Clinical Microbiology Made Ridiculously Simple edition 5 by Mark Gladwin is another one of those must-have best books you can safely purchase upon entering medical school. The focus is to overview all of the bugs (microbiology pathogens) and drugs that medical students encounter in preclinical Microbiology, the USMLE Step 1 and Step 2 exams, and the wards.
Whether you are incredibly interested in Microbiology or find it to be a gigantic anxiety provoking and overwhelming burden on your medical school career, Clinical Microbiology Made Ridiculously Simple will keep you sane. The strength of the book is taking the daunting task of mass memorization and breaking it down into digestible memorable portions, and using very silly drawings (see collage below). The drawings themselves are either produced by a really bad adult artist, or a really talented second grader. Either way, they have a habit of really sticking. I have yet to forget that salmonella hangs out in the gallbladder, despite never being tested on that factoid. In all actuality, the book might as well be named Clinical Microbiology Made Ridiculous, because that’s what you’re getting. The book even has its own set of cited “Mneomonists” that helped with the ridiculousness.
If you’re into serious reads, this is not the book for you. The reader of Clinical Microbiology Made Ridiculously Simple needs to be able to laugh and/or eye-roll at the images. The text itself is completely accurate, though one of the ongoing complaints of this book (and series) is the typos and grammatical errors that pop up (they’re an off-label publisher). The only other people who complain are the hardcore Microbiology PhD students who really do just want a serious text to hit nitty gritty advanced details for which you won’t be responsible to any reasonable degree whilst in medical school.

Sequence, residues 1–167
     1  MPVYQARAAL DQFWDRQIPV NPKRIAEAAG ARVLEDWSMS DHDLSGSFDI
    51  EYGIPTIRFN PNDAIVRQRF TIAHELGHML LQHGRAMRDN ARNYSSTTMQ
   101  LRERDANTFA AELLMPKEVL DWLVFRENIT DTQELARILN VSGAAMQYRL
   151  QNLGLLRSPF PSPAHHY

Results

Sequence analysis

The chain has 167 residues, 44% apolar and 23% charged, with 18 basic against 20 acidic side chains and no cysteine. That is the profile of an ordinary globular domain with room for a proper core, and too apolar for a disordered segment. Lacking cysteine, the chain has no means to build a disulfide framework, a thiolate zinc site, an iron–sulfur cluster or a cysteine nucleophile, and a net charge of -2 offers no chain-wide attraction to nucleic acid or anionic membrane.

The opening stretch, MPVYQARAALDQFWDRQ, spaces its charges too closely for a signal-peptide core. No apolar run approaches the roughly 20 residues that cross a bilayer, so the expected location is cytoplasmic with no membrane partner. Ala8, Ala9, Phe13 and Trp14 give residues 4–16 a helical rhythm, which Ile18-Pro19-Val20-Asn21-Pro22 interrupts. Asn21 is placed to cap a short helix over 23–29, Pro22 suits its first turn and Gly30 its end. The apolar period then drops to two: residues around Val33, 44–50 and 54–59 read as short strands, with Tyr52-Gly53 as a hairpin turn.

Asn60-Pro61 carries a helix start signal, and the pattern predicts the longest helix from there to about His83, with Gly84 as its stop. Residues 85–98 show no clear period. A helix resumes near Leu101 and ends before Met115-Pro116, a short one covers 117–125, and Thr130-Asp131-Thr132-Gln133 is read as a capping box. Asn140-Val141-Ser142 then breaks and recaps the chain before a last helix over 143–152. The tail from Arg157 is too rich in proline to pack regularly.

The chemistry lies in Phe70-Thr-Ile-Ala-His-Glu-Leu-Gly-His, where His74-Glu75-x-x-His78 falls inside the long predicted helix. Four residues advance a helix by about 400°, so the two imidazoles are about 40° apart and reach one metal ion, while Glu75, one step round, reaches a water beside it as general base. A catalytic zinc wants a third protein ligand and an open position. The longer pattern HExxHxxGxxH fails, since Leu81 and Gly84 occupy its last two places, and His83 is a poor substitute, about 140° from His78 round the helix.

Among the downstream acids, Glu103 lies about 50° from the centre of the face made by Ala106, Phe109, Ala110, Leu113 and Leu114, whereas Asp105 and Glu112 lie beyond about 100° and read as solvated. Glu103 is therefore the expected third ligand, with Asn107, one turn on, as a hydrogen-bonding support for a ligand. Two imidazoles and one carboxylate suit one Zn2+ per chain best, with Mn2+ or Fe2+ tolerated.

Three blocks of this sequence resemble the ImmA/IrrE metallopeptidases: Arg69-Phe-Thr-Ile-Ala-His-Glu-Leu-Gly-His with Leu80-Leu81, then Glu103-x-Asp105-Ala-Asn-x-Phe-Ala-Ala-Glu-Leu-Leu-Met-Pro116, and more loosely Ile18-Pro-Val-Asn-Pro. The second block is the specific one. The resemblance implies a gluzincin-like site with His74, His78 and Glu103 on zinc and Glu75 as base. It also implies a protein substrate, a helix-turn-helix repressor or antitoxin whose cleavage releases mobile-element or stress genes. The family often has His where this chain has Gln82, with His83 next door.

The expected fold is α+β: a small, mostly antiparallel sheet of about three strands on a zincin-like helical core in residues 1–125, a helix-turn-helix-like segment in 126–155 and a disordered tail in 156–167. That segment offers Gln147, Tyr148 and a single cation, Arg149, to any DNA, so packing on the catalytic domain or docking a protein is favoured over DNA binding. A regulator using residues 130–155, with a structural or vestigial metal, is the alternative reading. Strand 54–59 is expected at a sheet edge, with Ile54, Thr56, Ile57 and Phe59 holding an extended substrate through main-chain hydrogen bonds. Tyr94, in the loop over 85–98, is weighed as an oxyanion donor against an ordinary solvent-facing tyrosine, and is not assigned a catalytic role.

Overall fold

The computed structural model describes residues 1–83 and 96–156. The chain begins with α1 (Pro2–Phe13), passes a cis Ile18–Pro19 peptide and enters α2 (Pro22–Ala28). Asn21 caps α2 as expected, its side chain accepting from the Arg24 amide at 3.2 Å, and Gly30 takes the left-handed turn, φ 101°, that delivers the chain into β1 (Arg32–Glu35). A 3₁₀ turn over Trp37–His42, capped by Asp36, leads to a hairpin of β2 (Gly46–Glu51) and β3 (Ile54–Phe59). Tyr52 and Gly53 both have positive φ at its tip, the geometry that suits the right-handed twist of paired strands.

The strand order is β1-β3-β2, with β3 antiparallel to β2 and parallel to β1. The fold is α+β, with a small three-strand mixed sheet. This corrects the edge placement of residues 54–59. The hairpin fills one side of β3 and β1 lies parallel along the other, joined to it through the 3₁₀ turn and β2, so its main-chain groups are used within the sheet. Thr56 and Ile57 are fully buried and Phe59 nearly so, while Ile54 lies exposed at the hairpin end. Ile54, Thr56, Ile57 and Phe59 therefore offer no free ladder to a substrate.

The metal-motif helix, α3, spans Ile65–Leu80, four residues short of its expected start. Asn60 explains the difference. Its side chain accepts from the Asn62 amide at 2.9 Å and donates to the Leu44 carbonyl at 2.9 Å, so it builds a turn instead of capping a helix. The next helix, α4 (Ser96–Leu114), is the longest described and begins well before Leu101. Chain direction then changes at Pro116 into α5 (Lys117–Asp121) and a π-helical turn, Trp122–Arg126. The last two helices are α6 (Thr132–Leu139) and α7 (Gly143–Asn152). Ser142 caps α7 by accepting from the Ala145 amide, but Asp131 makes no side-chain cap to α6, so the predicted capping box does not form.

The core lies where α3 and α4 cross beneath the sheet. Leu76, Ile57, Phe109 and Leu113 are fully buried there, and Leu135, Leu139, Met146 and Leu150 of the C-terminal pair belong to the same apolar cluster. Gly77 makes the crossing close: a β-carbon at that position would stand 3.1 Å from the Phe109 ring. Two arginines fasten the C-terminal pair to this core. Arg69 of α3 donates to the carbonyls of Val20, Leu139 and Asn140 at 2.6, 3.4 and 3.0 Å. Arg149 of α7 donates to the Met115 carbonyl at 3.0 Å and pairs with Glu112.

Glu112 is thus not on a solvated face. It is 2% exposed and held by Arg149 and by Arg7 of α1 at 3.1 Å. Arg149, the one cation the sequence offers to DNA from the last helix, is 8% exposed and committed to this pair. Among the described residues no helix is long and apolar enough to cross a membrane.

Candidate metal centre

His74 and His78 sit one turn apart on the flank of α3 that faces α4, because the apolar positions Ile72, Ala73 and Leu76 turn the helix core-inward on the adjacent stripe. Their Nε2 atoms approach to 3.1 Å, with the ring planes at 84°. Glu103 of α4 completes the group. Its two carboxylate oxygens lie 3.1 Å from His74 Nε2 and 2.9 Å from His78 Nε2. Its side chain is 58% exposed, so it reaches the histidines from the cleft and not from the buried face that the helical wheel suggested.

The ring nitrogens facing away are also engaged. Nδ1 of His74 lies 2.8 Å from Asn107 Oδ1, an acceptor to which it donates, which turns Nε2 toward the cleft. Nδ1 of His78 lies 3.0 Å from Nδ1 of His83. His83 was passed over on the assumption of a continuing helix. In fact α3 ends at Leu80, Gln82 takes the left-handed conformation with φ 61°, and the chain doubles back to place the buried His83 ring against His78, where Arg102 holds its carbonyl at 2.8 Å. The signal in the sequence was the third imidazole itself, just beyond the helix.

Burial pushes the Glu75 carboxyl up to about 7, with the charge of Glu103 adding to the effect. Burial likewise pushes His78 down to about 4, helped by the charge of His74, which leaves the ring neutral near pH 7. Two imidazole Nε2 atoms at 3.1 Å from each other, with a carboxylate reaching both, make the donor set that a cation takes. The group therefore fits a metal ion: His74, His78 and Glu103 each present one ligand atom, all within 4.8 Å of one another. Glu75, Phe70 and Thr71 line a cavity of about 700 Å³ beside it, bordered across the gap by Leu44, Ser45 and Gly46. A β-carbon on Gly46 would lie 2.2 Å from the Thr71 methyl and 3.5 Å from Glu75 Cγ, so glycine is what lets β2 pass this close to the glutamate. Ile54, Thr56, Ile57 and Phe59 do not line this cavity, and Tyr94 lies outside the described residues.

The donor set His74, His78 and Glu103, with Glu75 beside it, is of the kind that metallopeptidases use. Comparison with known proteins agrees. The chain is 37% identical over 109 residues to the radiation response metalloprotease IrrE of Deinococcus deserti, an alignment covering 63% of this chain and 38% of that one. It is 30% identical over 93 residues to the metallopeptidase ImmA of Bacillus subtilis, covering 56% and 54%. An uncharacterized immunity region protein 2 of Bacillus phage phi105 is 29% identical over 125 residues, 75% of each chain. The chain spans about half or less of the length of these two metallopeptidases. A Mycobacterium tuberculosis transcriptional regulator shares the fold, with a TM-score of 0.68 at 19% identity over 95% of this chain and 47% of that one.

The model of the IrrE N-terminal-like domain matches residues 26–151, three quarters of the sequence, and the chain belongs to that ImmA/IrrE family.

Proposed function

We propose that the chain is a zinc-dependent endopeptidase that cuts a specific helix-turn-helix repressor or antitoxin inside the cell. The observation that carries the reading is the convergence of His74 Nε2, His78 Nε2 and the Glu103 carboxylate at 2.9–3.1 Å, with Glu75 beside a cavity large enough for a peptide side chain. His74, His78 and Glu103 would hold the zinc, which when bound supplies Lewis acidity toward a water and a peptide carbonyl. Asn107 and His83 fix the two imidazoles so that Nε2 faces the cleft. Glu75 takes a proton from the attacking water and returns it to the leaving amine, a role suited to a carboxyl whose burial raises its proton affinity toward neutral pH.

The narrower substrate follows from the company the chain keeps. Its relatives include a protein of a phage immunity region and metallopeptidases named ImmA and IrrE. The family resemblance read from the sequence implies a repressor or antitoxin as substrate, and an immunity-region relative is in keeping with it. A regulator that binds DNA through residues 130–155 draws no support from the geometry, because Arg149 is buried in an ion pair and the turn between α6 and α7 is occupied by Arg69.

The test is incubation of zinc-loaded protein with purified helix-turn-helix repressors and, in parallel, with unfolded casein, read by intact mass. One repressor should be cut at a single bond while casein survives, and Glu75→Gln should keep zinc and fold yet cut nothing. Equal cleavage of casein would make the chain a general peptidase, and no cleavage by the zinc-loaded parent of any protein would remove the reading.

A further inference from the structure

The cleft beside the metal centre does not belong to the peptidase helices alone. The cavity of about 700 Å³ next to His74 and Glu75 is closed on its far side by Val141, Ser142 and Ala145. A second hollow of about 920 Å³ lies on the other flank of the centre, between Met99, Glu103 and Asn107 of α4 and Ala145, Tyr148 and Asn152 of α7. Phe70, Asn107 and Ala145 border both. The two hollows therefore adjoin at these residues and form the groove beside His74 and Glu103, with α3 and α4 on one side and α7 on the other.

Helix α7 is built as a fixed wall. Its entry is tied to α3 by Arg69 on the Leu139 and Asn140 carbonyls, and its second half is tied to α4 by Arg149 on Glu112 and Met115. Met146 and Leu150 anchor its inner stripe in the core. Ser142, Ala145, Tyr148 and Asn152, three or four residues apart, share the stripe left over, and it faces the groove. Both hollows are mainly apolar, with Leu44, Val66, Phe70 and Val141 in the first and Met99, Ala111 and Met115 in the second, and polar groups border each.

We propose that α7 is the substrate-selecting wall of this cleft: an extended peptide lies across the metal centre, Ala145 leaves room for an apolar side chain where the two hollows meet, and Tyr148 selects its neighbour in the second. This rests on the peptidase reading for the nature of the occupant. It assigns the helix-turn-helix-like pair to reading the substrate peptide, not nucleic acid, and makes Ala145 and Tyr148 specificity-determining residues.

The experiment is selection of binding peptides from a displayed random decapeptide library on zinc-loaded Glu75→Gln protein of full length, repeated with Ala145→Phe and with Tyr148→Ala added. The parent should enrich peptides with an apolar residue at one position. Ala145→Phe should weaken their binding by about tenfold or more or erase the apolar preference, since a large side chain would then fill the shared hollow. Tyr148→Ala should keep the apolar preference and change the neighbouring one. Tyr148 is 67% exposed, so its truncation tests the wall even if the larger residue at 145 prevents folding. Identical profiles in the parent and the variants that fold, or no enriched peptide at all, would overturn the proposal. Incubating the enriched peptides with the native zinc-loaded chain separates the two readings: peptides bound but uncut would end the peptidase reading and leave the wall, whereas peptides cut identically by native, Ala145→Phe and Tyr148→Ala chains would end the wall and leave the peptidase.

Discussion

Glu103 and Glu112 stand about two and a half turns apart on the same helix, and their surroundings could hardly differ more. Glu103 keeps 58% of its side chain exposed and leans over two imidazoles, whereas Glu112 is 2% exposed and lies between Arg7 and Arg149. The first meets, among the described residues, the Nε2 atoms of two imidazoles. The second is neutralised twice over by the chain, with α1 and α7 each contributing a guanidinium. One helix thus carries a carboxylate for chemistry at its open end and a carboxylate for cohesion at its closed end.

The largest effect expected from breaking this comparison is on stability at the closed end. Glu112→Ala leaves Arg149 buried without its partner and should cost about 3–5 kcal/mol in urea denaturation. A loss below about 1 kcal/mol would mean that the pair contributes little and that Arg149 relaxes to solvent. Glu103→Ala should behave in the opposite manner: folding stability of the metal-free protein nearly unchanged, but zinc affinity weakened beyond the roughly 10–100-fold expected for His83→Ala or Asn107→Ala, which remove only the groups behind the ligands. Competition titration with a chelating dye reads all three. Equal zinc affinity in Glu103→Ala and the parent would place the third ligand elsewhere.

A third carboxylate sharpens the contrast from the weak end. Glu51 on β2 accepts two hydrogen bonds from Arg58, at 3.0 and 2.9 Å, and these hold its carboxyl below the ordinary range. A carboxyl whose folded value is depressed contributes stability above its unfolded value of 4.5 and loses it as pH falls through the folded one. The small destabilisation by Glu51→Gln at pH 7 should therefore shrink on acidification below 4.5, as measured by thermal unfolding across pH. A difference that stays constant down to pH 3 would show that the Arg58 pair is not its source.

This book is specifically designed for review and ground up learning for the microbiology newbie. I continue to pull it out for boards and wards, specifically including Internal Medicine, Surgery, Pediatrics, and Ob/Gyn (STDs are everywhere!). Individual sections include an Introduction to Bacteria, Gram Positive Bacteria, Gram Negative Bacteria, Acid Fast Bacteria, Bacteria Without Cell Walls, Anti-Bacterial Medications, Fungi, Viruses, Parasites, Very Strange Critters (prions), Antimicrobial Resistance, and a final chapter on Agents of Bioterrorism. Remember that microbiology and pharmacology books can give a good overview of antibiotic selection, but medical practices should utilize local data on bug susceptibility to direct care.
Overall, Clinical Microbiology Made Ridiculously Simple is highly recommended as one of the best microbiology textbooks available to medical students, to be complemented with MicroCards to enhance learning. I leave you with a sampling:
Primary Care Otolaryngology by Mark Wax is one of those great tiny books to just breeze through in an afternoon, regardless of your specialty. It has a great balance of brevity and high yield knowledge, specifically highlighting otolaryngology surgical emergencies and general ENT knowledge. The information is easily applied to a number of non-ENT rotations, specifically in regards to outpatient primary care, and reading x-rays. ENT topics in general are pretty straight forward: easy to learn and easy to teach, which means you look like a star med student when you point out a concha bullosa on a random CT in the emergency room, floors, or outpatient setting, and then explain what it means.
You can buy a physical copy, or get the eBook for free online through The American Academy of Otolaryngology Head and Neck Surgery.